• Incorporate checking your social networks into your online maintenance routine. Twice a day (in the morning and again in the evening), quickly browse your store’s social profiles and notifications to make sure you aren’t missing a customer inquiry.
  • If you need an extra nudge to remember your social networks, change your settings to get notifications pushed to your email. Every time someone Tweets at you or comments on your Facebook page, you can get the announcement right in your inbox.
  • Once a week, skim some of the top social media resources (Mashable is a great place to start) to see if there are any major developments in your networks you should be aware of.
  • Maintain your store information. Any time you change your customer support contact phone numbers, links or email addresses, make sure to update all of your social channels.

You don’t have to spend hours poring over every aspect of the social media world, but prioritizing the maintenance of your social profiles will pay off in the long run, for both your store and your customers.


5. Avoiding the chance to take a conversation offline

As valuable and accessible as social media is, it’s not always the most efficient communication channel. If a customer has a complicated question about your store or product, sometimes the most efficient way to address the issue is to go old school. If a complex customer service situation arises, don’t be afraid to request a customer’s personal contact information (ask them to send you a private Facebook message or a Direct Message on Twitter, to preserve their privacy) and contact them directly through email or maybe even the phone. (Remember when we used to use our phones to talk to people rather than send funny texts and play Angry Birds?) Taking the extra steps to ensure you have fully met your customers’ concerns will make a lasting positive impression of your store and prove your dedication and trustworthiness as a merchant.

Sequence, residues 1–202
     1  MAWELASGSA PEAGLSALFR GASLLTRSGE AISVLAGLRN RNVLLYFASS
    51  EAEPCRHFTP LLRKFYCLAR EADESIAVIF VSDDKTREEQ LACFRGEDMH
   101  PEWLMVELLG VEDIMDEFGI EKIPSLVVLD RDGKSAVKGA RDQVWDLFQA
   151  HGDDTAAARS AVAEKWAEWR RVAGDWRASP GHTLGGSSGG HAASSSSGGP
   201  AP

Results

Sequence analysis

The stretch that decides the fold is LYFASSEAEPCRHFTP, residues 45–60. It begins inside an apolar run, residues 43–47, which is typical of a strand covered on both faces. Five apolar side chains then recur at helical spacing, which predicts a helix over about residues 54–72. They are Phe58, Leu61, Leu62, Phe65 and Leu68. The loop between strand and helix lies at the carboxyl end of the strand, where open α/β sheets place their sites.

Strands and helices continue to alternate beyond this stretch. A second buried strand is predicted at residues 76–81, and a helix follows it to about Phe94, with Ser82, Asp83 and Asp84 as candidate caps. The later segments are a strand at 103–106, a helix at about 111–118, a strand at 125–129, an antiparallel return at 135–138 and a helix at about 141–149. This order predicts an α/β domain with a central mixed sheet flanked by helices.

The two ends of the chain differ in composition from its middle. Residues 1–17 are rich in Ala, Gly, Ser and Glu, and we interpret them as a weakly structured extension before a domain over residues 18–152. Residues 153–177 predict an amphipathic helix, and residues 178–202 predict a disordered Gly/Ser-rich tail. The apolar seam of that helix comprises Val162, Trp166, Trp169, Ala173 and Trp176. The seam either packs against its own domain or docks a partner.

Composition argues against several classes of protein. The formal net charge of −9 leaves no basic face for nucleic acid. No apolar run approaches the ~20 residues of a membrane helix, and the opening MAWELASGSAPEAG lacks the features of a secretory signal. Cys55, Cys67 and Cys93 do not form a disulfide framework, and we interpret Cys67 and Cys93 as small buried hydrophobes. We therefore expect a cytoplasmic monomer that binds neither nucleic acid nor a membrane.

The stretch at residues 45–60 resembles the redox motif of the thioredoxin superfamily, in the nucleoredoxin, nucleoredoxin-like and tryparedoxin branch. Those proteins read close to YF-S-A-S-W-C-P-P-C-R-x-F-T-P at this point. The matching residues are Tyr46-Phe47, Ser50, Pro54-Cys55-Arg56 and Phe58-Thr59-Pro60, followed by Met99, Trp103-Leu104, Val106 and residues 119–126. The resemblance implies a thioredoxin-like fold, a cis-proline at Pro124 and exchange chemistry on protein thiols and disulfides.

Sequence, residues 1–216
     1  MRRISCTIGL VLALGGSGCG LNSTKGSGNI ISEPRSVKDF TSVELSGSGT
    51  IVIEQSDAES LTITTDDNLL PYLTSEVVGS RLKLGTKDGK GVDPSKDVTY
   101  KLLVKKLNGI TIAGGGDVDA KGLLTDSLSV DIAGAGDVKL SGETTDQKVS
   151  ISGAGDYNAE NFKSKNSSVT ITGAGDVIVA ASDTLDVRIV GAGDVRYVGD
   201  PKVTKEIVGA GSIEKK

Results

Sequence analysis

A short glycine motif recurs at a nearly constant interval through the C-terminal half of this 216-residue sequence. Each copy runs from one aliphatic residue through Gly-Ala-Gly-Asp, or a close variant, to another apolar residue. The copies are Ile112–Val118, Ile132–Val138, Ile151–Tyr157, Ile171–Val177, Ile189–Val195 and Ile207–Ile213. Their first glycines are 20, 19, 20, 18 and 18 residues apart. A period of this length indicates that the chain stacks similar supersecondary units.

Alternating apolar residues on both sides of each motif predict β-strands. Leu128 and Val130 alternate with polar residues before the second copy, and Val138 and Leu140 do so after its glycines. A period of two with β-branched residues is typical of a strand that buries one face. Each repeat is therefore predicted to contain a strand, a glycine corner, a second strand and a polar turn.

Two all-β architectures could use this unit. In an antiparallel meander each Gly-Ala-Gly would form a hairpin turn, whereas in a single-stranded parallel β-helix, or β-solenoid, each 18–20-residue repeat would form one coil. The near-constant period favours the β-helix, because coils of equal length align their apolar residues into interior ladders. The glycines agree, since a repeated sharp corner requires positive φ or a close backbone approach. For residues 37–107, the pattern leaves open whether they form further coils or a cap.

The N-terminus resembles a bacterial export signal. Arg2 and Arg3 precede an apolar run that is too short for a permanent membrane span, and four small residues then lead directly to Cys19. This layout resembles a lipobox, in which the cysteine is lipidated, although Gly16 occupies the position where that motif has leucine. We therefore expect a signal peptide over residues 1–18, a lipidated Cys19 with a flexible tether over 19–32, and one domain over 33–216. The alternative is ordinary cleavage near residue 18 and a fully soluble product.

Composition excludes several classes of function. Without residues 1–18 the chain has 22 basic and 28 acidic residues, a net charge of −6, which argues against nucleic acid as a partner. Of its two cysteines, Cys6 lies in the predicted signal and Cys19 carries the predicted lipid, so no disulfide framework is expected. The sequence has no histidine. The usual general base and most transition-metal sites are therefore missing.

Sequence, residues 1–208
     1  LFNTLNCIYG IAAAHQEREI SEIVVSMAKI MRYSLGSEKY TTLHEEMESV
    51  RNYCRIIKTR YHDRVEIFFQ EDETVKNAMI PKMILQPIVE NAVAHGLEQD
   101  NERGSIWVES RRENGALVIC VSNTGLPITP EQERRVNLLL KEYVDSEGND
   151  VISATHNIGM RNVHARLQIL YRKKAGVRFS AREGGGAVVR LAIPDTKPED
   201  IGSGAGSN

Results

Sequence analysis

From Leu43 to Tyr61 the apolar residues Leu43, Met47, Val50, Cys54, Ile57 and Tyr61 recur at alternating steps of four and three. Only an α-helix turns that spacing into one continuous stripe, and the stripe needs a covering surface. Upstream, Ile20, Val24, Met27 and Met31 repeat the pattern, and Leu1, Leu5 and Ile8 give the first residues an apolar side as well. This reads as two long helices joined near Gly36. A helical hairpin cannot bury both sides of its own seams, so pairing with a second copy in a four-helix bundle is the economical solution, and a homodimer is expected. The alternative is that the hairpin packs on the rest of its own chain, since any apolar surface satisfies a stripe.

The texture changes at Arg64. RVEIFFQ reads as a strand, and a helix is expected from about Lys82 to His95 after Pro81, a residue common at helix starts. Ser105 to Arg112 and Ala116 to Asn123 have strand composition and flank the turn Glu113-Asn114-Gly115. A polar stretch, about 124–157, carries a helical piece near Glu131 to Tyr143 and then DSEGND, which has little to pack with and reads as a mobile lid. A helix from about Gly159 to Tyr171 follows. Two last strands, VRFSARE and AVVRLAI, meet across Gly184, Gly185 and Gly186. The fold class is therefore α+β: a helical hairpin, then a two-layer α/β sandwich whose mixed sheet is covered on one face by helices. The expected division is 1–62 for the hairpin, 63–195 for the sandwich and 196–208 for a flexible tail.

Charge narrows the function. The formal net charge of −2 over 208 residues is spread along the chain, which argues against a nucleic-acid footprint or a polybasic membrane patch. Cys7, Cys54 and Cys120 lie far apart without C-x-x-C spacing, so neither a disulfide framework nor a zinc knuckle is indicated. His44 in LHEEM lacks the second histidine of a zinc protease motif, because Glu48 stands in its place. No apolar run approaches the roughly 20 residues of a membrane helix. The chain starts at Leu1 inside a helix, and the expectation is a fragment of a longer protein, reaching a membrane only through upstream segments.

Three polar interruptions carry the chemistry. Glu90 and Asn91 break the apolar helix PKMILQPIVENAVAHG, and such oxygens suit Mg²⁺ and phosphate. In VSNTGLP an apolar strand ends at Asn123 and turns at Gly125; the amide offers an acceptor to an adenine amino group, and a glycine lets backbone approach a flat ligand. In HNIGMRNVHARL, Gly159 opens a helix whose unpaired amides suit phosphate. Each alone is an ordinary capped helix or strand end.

What it comes down to is this: social media is ever-changing, but positivity, politeness, attention to detail and caring for your customers will never go out of style. By keeping these five points in mind, you’ll be ready to tackle even the most prickly situations on social media.

Happy selling!
-Emily Teachout, Volusion


Emily Teachout was a Social Media writer and professional. She graduated from the University of Washington with a degree in Communications and a specialization in Technology & Society, and has managed social media campaigns for brands across multiple industries. In her spare time, Emily blogs about Austin’s culinary and entertainment scenes – in fact, she attends over 100 concerts per year.

One Response to “Avoid These 5 Social Media Customer Service Blunders”

  1. petehunt

    Ive just had a read through these 5 points about social media and i must say its right on the money and i enjoyed reading it.
    (ignore the typos ha)